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This means that any interaction between the fighters from the first two series as well as their ending scenes were a nice highlight thanks to my familiarity with their sources. The fact that the game also contains a number of fighters and partners from the To Heart series and numerous other titles means that there is something for everyone here, especially those who already know the story of specific characters. Of course for those who go in without knowing any of the characters, the story and interactions are pretty basic but the character relations are briefly explained but the sheer fun and absurdity of some of these characters will quickly grow on players.

On its surface, AquaPazza appears to be a simple fighting game that obeys the familiar rules of your average game with a few small tweaks. Players will enter into combat against another fighter who must be defeated via basic attacks, combos, special attacks, ‘Splash Arts’, and more as they tear through a fighters’ health bar. It is also worth mentioning that each fighter is given two health bars, which means rounds last a bit longer as players must deal more than your standard amount of damage to drop an opponent and this can also lead to a few upsets as fighters grow overconfident in a bout.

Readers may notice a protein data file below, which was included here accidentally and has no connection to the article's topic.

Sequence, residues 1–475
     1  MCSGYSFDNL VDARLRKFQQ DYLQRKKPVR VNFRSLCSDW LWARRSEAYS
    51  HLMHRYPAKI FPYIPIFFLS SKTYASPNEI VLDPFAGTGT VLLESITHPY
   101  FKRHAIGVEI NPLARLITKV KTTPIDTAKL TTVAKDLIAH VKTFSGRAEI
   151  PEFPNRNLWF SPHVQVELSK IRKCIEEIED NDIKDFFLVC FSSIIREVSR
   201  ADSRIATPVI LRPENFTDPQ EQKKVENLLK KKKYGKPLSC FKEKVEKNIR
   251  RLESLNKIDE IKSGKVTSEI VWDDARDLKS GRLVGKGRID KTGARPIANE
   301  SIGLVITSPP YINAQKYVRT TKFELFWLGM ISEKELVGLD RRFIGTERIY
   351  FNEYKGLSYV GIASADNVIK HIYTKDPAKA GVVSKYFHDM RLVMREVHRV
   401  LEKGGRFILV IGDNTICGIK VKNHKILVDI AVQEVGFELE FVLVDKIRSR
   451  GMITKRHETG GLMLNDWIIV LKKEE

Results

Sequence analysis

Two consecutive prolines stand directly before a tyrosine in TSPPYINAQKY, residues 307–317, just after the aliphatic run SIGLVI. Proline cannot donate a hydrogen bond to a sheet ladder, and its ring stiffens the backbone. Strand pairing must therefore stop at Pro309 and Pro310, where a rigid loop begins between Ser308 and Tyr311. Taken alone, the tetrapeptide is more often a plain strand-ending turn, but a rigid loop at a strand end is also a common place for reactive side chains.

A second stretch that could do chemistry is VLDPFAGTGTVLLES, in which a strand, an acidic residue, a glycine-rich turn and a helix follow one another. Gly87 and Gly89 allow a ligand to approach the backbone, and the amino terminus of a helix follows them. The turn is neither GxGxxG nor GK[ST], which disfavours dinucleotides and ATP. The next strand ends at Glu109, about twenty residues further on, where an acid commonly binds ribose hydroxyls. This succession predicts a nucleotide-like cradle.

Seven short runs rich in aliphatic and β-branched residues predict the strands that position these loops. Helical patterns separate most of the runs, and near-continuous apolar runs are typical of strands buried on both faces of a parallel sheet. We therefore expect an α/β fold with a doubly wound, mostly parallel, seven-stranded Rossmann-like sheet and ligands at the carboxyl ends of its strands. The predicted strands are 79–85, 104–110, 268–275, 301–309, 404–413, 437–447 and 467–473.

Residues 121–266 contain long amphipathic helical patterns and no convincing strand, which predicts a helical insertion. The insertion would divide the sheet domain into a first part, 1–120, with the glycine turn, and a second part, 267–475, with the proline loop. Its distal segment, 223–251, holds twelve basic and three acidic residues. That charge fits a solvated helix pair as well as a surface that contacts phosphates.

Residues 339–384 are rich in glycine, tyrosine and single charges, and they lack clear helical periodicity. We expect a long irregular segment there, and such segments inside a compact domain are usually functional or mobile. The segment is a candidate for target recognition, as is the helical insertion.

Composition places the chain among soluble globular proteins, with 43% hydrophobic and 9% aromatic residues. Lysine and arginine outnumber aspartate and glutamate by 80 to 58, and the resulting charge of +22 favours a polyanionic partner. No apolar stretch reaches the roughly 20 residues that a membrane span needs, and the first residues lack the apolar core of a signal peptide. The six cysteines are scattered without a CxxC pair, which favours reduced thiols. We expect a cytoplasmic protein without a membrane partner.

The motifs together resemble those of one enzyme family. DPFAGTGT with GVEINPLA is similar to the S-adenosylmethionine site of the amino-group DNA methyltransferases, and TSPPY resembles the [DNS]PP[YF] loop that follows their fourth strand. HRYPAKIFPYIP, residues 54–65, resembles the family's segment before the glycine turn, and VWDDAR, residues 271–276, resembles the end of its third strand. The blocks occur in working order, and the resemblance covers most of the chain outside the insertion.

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There are a number of ways to do this; though again on its surface AquaPazza appears rather simplistic in this regard. Players are given four attack buttons, which correlate to weak, medium, and strong attacks and a button which will call their partner into the fight to perform an assisting attack or take a blow for you. While picking your favorite fighter may be a difficult task, picking the best partner to match your playstyle can be even more difficult since the game features a number of partners that have their own special attacks that can best be used with specific characters’ fighting styles.

One thing that AquaPazza has an issue with, and perhaps why it appears a bit simplistic on its surface, is that it does a rather poor job of explaining the various fighting techniques that players can pull off as the tutorial is completely lacking in this regard. This is a shame as this leaves the player on their own as they try to figure out the numerous details that are in the game, such as move canceling that can be chained into larger attacks, guard impacts or more.